There is something terribly wrong with this paragraph from Nikolas Kristof’s lament at MSN over the possibility of China’s subduing Taiwan by force of arms:
There are steps the U.S. can take that might reduce the risk of a crisis. Washington can emphasize to Beijing that Taiwan will not take any unilateral action, such as declaring itself an independent country — unless China makes a military move, in which case it will do so at once. The U.S. can also caution Beijing that if the electricity goes out in Taipei, the same may happen in Shanghai, and that if Taiwan-bound ships are harassed, they may be reflagged as American vessels.
The first and most egregious is that Taiwan is not the United States. Washington cannot “emphasize to Beijing that Taiwan” will not declare independence. It does not have that authority. That’s up to the Taiwanese.
The second is that the Taiwanese are not without agency. If they do not have the ability to defend themselves, they should cultivate it quickly.
For the last three generations the United States has maintained a precarious policy of declaring that the political situation of Taiwan was a matter to be settled between Beijing and Taipei not by the United States. We should continue that policy.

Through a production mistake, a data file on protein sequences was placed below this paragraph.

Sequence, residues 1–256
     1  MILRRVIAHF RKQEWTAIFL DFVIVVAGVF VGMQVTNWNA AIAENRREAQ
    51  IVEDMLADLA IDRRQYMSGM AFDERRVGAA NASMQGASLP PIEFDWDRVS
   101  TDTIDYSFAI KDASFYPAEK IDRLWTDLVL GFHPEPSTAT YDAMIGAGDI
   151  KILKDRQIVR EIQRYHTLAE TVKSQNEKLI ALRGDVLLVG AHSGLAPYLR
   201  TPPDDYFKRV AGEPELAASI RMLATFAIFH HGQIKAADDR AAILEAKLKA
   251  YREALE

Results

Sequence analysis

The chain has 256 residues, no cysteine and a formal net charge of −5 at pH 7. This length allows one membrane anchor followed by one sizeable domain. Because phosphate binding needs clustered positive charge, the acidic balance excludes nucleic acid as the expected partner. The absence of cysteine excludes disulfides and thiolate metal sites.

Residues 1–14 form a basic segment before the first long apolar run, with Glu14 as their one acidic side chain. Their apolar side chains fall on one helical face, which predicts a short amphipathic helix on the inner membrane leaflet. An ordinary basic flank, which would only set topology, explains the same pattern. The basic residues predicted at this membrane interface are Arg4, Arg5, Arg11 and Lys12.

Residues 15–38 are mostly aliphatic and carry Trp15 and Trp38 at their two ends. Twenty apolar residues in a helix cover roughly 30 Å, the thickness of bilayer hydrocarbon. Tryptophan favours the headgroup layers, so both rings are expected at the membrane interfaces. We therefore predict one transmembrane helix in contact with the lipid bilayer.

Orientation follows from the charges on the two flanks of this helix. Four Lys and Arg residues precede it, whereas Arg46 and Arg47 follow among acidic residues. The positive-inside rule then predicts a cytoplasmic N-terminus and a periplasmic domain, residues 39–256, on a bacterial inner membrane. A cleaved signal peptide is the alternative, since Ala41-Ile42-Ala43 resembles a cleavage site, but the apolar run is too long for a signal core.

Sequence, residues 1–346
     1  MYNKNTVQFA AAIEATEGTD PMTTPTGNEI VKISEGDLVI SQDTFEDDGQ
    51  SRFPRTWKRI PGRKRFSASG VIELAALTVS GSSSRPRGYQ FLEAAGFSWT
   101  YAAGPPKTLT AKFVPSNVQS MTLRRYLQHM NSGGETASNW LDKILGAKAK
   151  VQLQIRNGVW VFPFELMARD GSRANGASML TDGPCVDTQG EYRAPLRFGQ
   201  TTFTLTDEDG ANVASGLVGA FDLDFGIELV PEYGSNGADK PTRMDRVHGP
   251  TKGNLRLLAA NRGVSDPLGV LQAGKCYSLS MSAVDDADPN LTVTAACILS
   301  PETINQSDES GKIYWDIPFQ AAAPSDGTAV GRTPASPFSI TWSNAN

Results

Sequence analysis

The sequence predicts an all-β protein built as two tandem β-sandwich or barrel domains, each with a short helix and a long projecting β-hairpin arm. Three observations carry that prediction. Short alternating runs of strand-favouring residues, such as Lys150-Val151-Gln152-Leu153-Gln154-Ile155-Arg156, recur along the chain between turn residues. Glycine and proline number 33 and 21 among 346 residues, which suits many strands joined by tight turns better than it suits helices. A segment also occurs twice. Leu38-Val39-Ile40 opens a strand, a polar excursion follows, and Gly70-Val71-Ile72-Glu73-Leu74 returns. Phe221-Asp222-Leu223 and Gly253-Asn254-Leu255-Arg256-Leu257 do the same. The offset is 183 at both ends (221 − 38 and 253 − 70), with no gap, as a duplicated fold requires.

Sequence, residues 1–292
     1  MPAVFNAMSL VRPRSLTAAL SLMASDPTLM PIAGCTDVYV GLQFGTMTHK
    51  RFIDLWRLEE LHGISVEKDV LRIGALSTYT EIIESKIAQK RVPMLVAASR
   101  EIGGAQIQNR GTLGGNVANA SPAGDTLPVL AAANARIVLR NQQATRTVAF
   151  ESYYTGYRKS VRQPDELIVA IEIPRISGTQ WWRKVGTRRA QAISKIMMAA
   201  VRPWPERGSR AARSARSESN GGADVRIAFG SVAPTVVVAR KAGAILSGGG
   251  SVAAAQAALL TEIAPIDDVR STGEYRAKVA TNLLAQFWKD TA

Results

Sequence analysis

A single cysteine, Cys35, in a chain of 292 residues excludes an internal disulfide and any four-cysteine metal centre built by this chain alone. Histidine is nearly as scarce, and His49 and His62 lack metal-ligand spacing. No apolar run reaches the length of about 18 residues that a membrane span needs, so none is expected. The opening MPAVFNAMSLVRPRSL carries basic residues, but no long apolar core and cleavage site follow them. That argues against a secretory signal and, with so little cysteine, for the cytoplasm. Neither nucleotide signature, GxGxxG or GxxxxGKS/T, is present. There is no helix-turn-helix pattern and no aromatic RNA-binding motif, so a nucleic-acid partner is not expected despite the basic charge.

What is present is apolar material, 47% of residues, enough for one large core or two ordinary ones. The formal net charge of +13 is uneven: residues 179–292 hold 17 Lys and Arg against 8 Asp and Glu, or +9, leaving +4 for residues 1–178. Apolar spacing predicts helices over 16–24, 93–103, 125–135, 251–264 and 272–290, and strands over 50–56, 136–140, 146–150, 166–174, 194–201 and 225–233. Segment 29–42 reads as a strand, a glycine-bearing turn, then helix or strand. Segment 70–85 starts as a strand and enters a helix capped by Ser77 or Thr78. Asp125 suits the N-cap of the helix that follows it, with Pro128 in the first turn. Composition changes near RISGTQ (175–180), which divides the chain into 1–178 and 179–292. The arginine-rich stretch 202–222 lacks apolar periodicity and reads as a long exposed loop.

I presume that Mr. Kristof’s reaction was prompted by the situation in Hong Kong. Hong Kong is a part of China. That “one country two systems” could not be sustained was obvious 25 years ago. If we did not want Hong Kong to be subsumed into the mainland, we should never have granted China most favored nation trading status and vetoed China’s admission to the WTO when we had the chance.
If I were President Xi and if I were intent on taking control of both Hong Kong and Taiwan and the United States were to make the pronouncements Mr. Kristof proposes, I would make a pre-emptive nuclear strike, presumably an EMP attack, to neutralize the United States in one master stroke. I doubt that any of us including President Xi are prepared for that.